Elizabeth Warren wants the Wells Fargo board wiped out

Warren Buffett: The three mistakes Wells Fargo made
Warren Buffett: The three mistakes Wells Fargo made

Elizabeth Warren is so livid with Wells Fargo that she's demanding the government take the dramatic step of throwing out most of the board of directors.

The Democratic senator fired off a letter Monday demanding that the Federal Reserve "remove" the 12 Wells Fargo directors who served between May 2011 and July 2015. That's when Wells Fargo has acknowledged firing 5,300 workers for creating 2 million fake accounts.

The scandal "revealed severe problems with the bank's risk management practices," giving the Fed the power to oust the directors, Warren wrote to Fed chief Janet Yellen.

"The Federal Reserve must hold the Wells Fargo Board members accountable for their risk-management failures," Warren wrote in the letter, which was first reported by CNBC.

But Wells Fargo (WFC) directors shouldn't start packing their bags just yet. Experts in bank regulation said such an ouster would be unprecedented at a big bank and is unlikely, despite the uproar over Wells Fargo's conduct.

"It's a drastic action that doesn't seem ripe. Removing an entire board is just too much for me," said Ernest Patrikis, who served for 30 years at the Federal Reserve Bank of New York and now advises banks as a partner at the law firm White & Case.

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But Warren is clearly pressuring the Fed to do something and trying to counter President Trump's push to rip up regulation.

She pointedly noted in her letter that other regulators have already punished Wells Fargo. For instance, the Consumer Financial Protection Bureau, which Republicans want to rein in, fined Wells Fargo a record $100 million last September.

"The Federal Reserve has done nothing to date, despite its ample statutory authority," Warren wrote. "It is time for the Federal Reserve to act as well."

It may not be fair to say the Fed has done nothing. Yellen said in September that the Fed launched a review of the compliance and governance systems at big banks.

A Fed spokesman said the central bank has received the letter and plans to respond.

The timing of Warren's letter is interesting: Less than two months ago, all of Wells Fargo's directors were re-elected, although some received very low levels of support.

Warren cited a federal law that empowers the Fed to remove directors if they "engaged or participated in any unsafe or unsound practice" that caused a federally insured bank to "suffer financial loss."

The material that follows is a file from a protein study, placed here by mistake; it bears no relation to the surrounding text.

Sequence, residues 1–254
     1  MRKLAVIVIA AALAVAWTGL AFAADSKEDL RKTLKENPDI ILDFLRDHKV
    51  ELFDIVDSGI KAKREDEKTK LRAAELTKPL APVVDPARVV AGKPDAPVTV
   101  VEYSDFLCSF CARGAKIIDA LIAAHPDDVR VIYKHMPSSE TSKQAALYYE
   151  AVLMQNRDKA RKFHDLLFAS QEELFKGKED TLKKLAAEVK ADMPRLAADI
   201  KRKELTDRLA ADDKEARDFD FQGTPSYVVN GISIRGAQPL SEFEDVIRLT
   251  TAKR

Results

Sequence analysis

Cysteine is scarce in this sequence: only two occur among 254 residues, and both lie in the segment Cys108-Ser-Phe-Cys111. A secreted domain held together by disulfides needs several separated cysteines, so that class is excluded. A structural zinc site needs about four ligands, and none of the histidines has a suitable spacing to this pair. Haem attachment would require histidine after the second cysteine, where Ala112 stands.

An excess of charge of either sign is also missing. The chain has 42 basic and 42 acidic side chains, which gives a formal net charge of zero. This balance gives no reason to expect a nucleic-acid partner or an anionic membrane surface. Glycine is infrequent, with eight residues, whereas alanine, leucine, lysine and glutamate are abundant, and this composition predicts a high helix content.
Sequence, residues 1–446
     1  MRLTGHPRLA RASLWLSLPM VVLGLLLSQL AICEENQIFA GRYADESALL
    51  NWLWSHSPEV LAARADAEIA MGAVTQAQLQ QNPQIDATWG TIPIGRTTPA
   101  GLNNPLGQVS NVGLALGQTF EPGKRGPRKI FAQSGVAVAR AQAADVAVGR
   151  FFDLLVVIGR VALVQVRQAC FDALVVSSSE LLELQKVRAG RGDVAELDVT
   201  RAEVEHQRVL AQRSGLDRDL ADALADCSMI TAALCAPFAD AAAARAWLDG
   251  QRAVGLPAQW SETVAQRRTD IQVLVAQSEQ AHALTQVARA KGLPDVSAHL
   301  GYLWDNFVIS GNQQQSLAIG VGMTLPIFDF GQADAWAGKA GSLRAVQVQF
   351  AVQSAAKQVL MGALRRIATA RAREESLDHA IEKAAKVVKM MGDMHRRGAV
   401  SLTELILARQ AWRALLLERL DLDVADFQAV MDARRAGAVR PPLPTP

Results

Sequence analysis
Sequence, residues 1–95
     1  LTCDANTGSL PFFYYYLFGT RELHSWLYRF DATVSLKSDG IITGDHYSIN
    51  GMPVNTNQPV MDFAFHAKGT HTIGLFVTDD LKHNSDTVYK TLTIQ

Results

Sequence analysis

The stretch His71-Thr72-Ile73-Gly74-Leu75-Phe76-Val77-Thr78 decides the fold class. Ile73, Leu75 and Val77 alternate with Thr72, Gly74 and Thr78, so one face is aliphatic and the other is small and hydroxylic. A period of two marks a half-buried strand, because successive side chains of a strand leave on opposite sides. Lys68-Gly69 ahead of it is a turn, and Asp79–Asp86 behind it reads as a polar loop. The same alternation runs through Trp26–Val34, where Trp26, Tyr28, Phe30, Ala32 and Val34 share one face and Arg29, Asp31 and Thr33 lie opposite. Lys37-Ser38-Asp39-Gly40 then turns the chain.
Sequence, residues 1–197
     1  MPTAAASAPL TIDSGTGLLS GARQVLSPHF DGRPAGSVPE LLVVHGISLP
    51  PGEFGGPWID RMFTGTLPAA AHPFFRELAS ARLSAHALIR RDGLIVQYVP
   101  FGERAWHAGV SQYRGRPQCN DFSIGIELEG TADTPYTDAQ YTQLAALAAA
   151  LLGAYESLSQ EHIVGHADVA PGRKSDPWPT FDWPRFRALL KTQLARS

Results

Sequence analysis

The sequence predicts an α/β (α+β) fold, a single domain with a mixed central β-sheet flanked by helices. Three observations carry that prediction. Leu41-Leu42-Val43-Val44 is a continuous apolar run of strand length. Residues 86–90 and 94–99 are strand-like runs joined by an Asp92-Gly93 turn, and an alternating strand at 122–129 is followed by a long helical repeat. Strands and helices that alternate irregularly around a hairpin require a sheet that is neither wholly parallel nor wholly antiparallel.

Warren argues that these points have been established -- in part by Wells Fargo's own internal investigation, which found that Wells Fargo suffered from inadequate risk management systems that should have flagged the illegal activity earlier.

Shareholder advisory firm Institutional Shareholder Services agrees. ISS argued the Wells Fargo board made the scandal worse by failing to provide oversight that could have limited the damage.

The Federal Reserve's own supervisory manual says that failing to establish an adequate risk management system is considered "unsafe and unsound conduct" at a big bank.

Wells Fargo has also undoubtedly suffered reputational and financial loss, including a $142 million class action settlement with customers harmed by the fake accounts.

"Simply put, the Board cannot possibly have satisfied its risk-management obligations under Federal Reserve regulations," Warren said.

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The three directors who joined the board after 2015, and presumably would be spared by Warren, are CEO Tim Sloan and independent directors Karen Peetz and Ronald Sargent

In response to Warren's letter, Wells Fargo noted that its board and management team have taken many steps to hold executives accountable and "make things right" with customers.

For instance, Wells Fargo has eliminated its unrealistic sales goals, promoted Sloan to CEO and encouraged workers to speak up about bad behavior.

"That work continues and remains a core part of our efforts to build a better Wells Fargo for the future," the bank said in a statement.

A spokesman for Wells Fargo's independent directors declined to comment on the Warren letter.

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